Nice proof of the Primitive Element Theorem for infinite base fields (though it does rely on having done stuff in a different order to Yoshida). We will assume two facts, and that $K$ is any infinite field.

Fact 1: Every separable extension has only finitely many subextensions.

Fact 2: No finite-dimensional vector space over an infinite field is a union of finitely many of its proper subspaces.

Theorem (Primitive Element Theorem): If F/K is finite and separable then it has a primitive element ($\theta$ such that $F=K(\theta)$).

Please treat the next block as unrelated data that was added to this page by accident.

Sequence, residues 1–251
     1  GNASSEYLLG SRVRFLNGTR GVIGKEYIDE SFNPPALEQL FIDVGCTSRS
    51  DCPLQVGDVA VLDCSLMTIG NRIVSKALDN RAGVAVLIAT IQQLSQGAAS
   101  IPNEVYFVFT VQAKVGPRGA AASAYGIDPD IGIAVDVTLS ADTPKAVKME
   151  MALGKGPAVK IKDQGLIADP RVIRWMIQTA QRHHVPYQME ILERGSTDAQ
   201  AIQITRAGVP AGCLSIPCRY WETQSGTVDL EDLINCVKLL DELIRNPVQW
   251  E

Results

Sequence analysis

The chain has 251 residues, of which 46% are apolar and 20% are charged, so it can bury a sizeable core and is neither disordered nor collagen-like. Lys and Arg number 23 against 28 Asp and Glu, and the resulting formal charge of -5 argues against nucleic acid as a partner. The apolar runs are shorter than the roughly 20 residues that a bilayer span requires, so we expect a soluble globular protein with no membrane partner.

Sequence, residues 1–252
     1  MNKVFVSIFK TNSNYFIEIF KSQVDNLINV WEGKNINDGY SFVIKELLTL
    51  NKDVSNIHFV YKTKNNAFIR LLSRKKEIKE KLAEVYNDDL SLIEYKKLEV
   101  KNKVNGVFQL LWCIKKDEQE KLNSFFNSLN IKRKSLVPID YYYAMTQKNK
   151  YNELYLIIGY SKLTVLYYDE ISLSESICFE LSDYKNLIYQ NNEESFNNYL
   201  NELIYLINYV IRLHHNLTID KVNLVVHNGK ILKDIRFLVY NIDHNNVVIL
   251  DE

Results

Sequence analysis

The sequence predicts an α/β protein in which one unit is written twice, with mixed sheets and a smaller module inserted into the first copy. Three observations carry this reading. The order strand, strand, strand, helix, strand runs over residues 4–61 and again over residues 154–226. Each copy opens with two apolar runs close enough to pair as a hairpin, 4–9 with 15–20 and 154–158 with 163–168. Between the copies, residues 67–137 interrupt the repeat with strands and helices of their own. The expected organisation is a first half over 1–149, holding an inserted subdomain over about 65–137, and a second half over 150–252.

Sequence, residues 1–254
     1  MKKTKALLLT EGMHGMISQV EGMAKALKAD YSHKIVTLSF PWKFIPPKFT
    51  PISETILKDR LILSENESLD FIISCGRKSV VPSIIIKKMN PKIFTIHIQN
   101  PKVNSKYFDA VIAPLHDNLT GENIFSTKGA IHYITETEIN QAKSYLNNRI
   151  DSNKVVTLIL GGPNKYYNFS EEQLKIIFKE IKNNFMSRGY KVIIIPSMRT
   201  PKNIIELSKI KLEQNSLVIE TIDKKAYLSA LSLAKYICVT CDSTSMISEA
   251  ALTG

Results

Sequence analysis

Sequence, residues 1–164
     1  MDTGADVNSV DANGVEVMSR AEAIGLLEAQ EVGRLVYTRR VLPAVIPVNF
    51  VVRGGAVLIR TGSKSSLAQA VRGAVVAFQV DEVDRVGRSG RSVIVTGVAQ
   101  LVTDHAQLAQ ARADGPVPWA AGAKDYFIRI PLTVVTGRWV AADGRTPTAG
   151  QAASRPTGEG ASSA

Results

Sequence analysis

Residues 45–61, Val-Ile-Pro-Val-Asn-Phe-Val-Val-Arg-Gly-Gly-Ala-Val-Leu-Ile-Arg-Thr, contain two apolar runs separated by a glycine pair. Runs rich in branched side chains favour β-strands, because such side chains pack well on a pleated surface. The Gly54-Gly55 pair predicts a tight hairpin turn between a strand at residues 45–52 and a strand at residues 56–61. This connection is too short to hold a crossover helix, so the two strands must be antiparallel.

Proof: Let $X = F \backslash (\bigcup_{K\leq M < F} M)$. By fact 1, this is a finite union and so by fact 2, $X$ is nonempty. Hence any element of $X$ is a primitive element.